Customizing UI Components

Mobile nativeWearable native

Dependencies

  • Tizen 2.4 and Higher for Mobile
  • Tizen 2.3.1 and Higher for Wearable

Content

Related Info

This topic explains how to customize UI components. Before learning the process of customization, you must understand the concept of "style" and "theme" in EFL and how EFL applies the right style for a UI component.

EFL provides the EDC script as a way for defining a look for UI components. For more information on how to write an EDC script, see Layouting with EDC.

Style, Theme, and EDC

The style of a UI component refers to its graphical appearance determined by the layout, shapes, fonts, and colors. A theme is a collection of styles for every UI component. Tizen provides a default theme for each profile and version, which includes all available styles of every UI component.

When more than one style is defined for a UI component in the current theme, you can set a different style than the default one using the elm_object_style_set() function. It is also possible to access the current style with the elm_object_style_get() function.

The default theme of the mobile profile specifies several styles for the check UI component. The following example shows how to set the favorite style to a newly created check object:

Evas_Object *check;

check = elm_check_add(parent);
elm_object_style_set(check, "favorite");

A theme is defined in EDC (.edc) files, and they are compiled into an EDJ (.edj) file during the project building. An EDC file is a collection of group blocks, and one group is composed of parts and programs. A theme corresponds to one EDJ file, and a style corresponds to 1 group in an EDJ file.

The following example shows some groups in an EDC file (check.edc), which correspond to the styles of the check component in mobile profile:

group {
   name: "elm/check/base/default";
   /* Other content */
}

group {
   name: "elm/check/base/favorite";
   /* Other content */
}

group {
   name: "elm/check/base/on&off";
   /* Other content */
}

The groups have a certain format of names according to the naming rule of Elementary. These 3 groups define 3 different styles for the check component: default, favorite, and on&off.

Customization

In the best scenario, every application can find the style it needs in the already provided theme. However, you can sometimes need customized styles. EFL allows you to define a new style and add it to an existing theme, or even make a new theme.

To customize a UI component:

  1. Create a project for a basic EDC UI application.

    See Creating Your First Tizen Mobile Native Application or Creating Your First Tizen Wearable Native Application for creating a EDC UI project.

  2. Create an EDJ file in the /res/edje/ directory.

    If you add the custom.edc file, the Tizen Studio calls Edje tools automatically to build the final custom.edj file when building the project.

    The EDJ file is installed under the application data path. You can get the full path of where the EDJ file is installed using the app_get_resource() function.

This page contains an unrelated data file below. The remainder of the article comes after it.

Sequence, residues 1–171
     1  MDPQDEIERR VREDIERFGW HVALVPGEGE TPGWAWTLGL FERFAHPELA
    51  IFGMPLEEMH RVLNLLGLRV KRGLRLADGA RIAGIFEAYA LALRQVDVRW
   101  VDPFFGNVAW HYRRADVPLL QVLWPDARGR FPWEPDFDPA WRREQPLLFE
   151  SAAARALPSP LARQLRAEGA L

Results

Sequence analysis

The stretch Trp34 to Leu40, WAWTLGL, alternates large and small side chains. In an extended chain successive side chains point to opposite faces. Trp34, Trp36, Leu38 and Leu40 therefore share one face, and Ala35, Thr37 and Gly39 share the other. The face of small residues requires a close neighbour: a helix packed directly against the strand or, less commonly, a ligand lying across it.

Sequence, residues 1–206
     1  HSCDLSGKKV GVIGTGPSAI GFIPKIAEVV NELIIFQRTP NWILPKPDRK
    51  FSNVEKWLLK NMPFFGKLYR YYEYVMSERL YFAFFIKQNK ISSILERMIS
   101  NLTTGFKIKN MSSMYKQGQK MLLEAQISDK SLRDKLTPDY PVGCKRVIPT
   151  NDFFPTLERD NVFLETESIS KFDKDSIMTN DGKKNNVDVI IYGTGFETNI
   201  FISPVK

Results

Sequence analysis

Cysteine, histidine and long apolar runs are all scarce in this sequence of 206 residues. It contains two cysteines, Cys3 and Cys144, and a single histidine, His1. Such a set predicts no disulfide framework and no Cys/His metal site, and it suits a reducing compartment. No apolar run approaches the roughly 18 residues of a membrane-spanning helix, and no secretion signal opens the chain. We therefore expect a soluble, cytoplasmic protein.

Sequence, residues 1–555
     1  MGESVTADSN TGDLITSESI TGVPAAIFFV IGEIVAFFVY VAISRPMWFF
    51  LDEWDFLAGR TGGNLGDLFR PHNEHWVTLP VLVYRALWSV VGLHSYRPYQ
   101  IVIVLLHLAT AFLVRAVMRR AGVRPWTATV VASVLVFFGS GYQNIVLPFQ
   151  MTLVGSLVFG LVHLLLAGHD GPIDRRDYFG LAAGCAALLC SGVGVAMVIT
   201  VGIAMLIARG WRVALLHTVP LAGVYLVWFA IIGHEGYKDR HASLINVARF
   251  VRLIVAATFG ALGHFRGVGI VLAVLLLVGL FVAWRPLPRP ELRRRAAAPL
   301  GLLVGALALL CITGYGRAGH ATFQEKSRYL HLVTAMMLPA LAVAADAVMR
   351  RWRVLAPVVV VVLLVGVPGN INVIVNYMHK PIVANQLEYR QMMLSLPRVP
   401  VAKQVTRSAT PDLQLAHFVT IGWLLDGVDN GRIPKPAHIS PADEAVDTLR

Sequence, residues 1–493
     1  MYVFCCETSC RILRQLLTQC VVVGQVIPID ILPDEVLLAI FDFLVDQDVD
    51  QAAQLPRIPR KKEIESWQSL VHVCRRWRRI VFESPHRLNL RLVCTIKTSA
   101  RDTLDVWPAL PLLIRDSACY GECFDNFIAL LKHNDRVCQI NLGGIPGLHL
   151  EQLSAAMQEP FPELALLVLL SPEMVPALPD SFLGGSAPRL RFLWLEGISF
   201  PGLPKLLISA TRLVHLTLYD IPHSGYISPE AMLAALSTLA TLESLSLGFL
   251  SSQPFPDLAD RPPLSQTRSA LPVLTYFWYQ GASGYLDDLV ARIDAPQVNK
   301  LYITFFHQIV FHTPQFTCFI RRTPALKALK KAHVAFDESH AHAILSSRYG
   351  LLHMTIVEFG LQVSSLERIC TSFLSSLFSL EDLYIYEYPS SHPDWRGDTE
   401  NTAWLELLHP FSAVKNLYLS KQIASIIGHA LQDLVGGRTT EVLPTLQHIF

char edj_path[PATH_MAX] = {0,};
    
    app_get_resource("/edje/custom.edj", edj_path, (int)PATH_MAX);
    
  3. Write a style in the EDC file.
  4. Register the EDJ file in the C code. You can attach the EDJ file to an existing theme in the following ways:
    • As an extension: extend the default theme by adding new styles
    • As an overlay: override the styles in the default theme

    The following code snippet shows how to add the new theme file as an extension:

    char edj_path[PATH_MAX] = {0,};
    
    /* Get the full path of the EDJ file */
    app_get_resource("/edje/custom.edj", edj_path, (int)PATH_MAX);
    
    /* Load the check custom style as an extension */
    elm_theme_extension_add(NULL, edj_path);
    
  5. Set the new style to the UI component.

    To use the custom style on a new check component:

    Evas_Object *check;
    
    check = elm_check_add(parent);
    
    /* Set the newly defined custom style */
    elm_object_style_set(check, "custom");
    

You can see the above steps implemented in the "ThemeExtension" section within the EFL Core samples sample application.

Extension and Overlay

To attach an EDJ file to an existing theme, you can use:

  • Extension

    A theme extension enables you to extend a theme with only a part of the UI component's style (not all of it).

    Applications can add and delete a theme in the list of extensions with the following calls:

    elm_theme_extension_add(NULL, "./theme_button_style_custom.edj");
    elm_theme_extension_del(NULL, "./theme_button_style_custom.edj");
    

    The above example assumes that the theme_button_style_custom.edj file contains a new button style called custom.

  • Overlay

    A theme overlay enables you to replace the look of all UI components by overriding the default style.

    If a new style called default is created for a button component and it is added as an overlay, Elementary uses the overlay for all button components overriding the default theme.

    Applications can add and delete a theme in the list of overlays with the following calls:

    elm_theme_overlay_add(NULL, "./theme_button.edj");
    elm_theme_overlay_del(NULL, "./theme_button.edj");
    

    The above example assumes that the theme_button.edj file only contains a new theme for the button component.

    Adding a theme with a default style as an overlay is not recommended, since it makes Elementary to use the new theme for all the objects defined in the application. You must make sure that the theme_button.edj file reimplements everything that was previously defined in the default theme concerning the button component.

    Note With overlays, you can replace the default view and affect every UI component. This is very similar to setting the theme for the whole application, and probably clashes with the end user options. Using overlays also runs the risk of non-matching styles across the application. Unless you have a very good reason to use them, avoid overlays.